In case you missed the press release our partner, Fission Uranium, has started its $6.95 million summer exploration program at Patterson Lake South (PLS), which is host to a major new uranium discovery. What’s more, they have already hit with their first hole – approximately 85 m of mineralization, including 18.93 m of off-scale (>9999cps) as measured by a hand held scintillometer. PLS is immediately adjacent to the Patterson Lake (PLN) project that we recently partnered with Fission to explore. The discovery itself is just 5.7 km south of PLN. Check out the map on our project page and you’ll get a clear picture of each project location.
Why is this news important? Well, as the PLS discovery develops it tells us more about the geology of the under-explored western side of the Athabasca Basin in which PLN is also located. It’s worth noting that PLN is linked to the PLS project by a North-South structural trend and PLN has similar parallel Northeast-Southwest conductors and structural trends as the PLS discovery.
The most important fact is it features high grades (far in excess of the world average) at rare open-pittable depths. By far, the majority of the mineralization discovered so far is within just 100 m of surface. In my experience this is comfortably above the threshold for an economic open pit mine.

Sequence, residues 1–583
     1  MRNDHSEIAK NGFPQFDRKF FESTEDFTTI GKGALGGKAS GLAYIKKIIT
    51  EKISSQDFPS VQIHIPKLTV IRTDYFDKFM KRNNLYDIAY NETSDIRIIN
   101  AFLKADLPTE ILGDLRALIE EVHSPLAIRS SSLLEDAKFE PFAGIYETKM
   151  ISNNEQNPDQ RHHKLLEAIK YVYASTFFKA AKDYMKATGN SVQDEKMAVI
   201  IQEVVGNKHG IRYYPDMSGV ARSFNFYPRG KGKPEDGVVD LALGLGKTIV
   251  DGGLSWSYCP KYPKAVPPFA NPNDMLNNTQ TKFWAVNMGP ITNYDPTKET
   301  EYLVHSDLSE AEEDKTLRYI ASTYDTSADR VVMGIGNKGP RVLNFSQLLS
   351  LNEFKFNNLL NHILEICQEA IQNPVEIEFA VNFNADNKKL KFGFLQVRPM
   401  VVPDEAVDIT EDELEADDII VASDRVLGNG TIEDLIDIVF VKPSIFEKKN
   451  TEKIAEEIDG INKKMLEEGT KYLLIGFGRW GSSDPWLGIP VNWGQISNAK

A discovery of this nature is by definition one of the most attractive out there because, in addition to the low production cost, it means a much faster turnaround in terms of putting the project into production. In my opinion, at a time when many experts are forecasting an upcoming uranium supply crunch, a high-grade uranium project that can go into production in a relatively short space of time is going to be sought after.
What’s particularly exciting for us at Azincourt is that as well as being on trend with PLS, exploration work carried out to date at PLN also suggests shallow depth mineralization. This map highlights exposed basement beneath glacial cover in the south of the project and large areas with targets less than 300 m below surface (yellow contour). This interpretation is based on compiled historical drilling in the area and highlights an interpreted post-Athabasca structure with tremendous vertical displacement – a key ingredient for this style of high grade uranium deposit.
If you check out our corporate presentation you can take a look at some of the historical work that has been carried out at PLN as well as get an idea of the work planned for later this year. But, in a nutshell, we will be working towards defining new and refining existing conductor targets and locating the structures in preparation for drill testing once freeze up hits.
Exciting times ahead for the under-explored western Athabasca Basin!